Published : 2013-10-20 19:22
Updated : 2013-10-20 19:22
Local constructors, which saw all-time low sales performances in the first quarter, pledged to make up for their losses by year-end. But industry watchers said even with countermeasures it would be implausible due to the continued market slump and government sanctions.
The state-run Korea Water Resources Corp., or K-water, last week imposed a ban on 10 construction companies for rigging the bid on the four-river restoration project.
As a result, the country’s top builders including Hyundai Engineering & Construction, Daelim Engineering & Construction and GS Engineering & Construction will be prohibited from bidding in public construction for up to 15 months.
Other public organization such as the Korea Land & Housing Corp. and the Public Procurement Service, too, recently announced similar penalties for various reasons, adding to the construction industry’s financial plight.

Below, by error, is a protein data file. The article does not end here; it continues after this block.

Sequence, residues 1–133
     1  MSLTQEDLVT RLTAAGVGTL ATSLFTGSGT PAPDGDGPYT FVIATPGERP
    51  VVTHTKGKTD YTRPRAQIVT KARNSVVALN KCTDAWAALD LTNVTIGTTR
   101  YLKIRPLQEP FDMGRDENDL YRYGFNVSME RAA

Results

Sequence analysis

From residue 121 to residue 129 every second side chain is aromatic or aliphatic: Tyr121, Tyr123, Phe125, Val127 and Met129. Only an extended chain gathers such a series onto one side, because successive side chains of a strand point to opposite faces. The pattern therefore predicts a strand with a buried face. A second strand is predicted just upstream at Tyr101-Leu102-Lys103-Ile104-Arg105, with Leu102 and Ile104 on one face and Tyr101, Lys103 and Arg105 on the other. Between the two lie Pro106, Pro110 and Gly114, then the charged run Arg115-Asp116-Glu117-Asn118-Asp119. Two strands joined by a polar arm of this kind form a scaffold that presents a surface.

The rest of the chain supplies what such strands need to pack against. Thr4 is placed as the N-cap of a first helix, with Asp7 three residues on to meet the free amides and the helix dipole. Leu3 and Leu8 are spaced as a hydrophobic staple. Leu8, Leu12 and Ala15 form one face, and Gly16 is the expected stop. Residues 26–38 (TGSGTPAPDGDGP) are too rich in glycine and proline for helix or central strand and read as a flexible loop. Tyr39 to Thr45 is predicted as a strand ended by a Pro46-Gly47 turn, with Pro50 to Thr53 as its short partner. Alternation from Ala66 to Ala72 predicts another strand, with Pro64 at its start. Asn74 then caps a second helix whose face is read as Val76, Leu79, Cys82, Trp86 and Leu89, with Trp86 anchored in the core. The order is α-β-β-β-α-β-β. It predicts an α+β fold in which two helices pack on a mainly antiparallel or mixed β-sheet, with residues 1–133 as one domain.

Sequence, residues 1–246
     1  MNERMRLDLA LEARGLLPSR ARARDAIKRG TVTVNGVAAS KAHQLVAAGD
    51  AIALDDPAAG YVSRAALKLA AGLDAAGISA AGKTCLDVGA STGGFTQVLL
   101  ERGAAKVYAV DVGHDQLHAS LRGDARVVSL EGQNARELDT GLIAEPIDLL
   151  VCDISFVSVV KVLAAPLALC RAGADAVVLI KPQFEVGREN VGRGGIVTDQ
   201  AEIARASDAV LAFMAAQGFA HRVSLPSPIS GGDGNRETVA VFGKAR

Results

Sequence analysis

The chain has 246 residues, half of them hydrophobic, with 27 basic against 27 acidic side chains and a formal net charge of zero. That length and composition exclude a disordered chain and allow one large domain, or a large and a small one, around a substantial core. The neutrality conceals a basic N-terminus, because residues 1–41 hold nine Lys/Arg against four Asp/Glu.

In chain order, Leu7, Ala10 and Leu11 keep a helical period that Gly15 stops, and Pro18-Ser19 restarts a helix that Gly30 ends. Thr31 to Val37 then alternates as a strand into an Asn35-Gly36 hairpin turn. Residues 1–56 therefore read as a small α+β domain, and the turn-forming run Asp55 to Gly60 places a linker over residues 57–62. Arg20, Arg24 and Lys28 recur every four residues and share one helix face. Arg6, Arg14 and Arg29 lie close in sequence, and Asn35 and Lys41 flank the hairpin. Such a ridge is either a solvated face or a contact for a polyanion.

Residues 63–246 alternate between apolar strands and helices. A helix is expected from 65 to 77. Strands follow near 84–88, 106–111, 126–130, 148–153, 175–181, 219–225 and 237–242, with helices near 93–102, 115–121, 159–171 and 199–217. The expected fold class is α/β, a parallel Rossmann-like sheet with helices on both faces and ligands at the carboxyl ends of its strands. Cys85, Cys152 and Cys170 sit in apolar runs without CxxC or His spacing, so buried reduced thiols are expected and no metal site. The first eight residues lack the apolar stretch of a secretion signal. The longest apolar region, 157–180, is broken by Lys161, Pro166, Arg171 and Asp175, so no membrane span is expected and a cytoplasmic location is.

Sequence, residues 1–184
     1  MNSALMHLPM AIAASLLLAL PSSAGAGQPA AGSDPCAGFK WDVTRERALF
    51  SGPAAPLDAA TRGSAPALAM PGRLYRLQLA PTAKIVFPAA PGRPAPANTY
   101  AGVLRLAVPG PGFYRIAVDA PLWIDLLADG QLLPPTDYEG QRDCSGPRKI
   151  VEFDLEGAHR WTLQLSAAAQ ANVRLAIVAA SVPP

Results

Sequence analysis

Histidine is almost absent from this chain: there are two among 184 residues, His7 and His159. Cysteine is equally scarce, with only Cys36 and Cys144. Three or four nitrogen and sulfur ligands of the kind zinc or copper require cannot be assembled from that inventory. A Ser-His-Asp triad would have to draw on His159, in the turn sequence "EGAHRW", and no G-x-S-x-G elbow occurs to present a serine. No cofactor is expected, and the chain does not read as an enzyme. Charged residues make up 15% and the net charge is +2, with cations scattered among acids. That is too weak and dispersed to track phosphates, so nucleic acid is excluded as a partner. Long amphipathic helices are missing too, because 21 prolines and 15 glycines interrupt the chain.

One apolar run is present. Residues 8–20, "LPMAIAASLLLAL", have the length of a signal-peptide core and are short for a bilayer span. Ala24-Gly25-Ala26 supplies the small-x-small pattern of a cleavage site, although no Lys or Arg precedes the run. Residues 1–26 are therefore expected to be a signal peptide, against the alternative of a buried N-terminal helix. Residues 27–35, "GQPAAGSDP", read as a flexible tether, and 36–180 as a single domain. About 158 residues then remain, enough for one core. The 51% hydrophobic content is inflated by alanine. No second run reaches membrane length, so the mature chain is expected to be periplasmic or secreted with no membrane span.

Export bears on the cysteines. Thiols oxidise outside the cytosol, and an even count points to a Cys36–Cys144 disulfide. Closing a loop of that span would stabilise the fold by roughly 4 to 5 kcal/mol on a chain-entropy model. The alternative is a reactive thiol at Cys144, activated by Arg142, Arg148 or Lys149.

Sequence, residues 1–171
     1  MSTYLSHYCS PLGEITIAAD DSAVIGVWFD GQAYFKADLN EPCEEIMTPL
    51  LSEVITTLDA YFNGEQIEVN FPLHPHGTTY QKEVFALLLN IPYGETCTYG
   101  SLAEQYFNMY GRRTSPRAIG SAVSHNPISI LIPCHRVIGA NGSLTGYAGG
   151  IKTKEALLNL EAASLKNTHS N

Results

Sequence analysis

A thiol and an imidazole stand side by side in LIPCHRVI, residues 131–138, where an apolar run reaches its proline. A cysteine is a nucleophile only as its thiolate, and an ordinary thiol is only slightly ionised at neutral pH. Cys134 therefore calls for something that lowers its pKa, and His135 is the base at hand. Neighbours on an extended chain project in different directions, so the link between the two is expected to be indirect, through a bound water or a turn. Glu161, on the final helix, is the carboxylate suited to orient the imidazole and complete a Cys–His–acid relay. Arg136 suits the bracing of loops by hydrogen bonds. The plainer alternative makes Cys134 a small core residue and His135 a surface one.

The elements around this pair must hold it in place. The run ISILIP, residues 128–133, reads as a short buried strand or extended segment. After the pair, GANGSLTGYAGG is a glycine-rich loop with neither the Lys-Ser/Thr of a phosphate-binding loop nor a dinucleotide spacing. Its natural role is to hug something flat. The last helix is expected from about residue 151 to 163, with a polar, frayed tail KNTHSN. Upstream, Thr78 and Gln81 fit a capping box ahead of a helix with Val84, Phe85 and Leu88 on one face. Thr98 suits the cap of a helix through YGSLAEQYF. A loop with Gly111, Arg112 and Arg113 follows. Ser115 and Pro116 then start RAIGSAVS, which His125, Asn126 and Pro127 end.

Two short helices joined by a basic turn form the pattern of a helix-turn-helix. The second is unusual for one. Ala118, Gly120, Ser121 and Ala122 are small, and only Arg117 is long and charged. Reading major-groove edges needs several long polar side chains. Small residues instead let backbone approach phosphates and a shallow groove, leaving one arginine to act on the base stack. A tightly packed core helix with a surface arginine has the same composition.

Almost 50 builders currently face public-bidding suspension, according to the Construction Association of Korea.
“Though sanctions in the public bidding sector have frequently been observed in the past, this is an unprecedented number,” said a CAK official.
The mass penalty is expected to also deter the government’s social overhead capital business.
“Ever since the global financial crisis, the construction industry has been going downhill, with the prolonged slump of the housing market and the deterioration of overseas sales,” said an official of one of the key construction companies.
“The cutoff of public orders, no matter how temporary, may act as a final blow to some of the companies, especially those heavily dependent on government deals.”
As the overseas construction market continues to remain in the low-profit zone, most of the local builders are likely to struggle on, failing to recover their financial soundness within the year, according to the Construction Economy Research Institute of Korea.
“The government should increase its budget for social overhead capital orders, if not for the sake of the construction industry but for the general welfare of the people,” said an official at CERIK.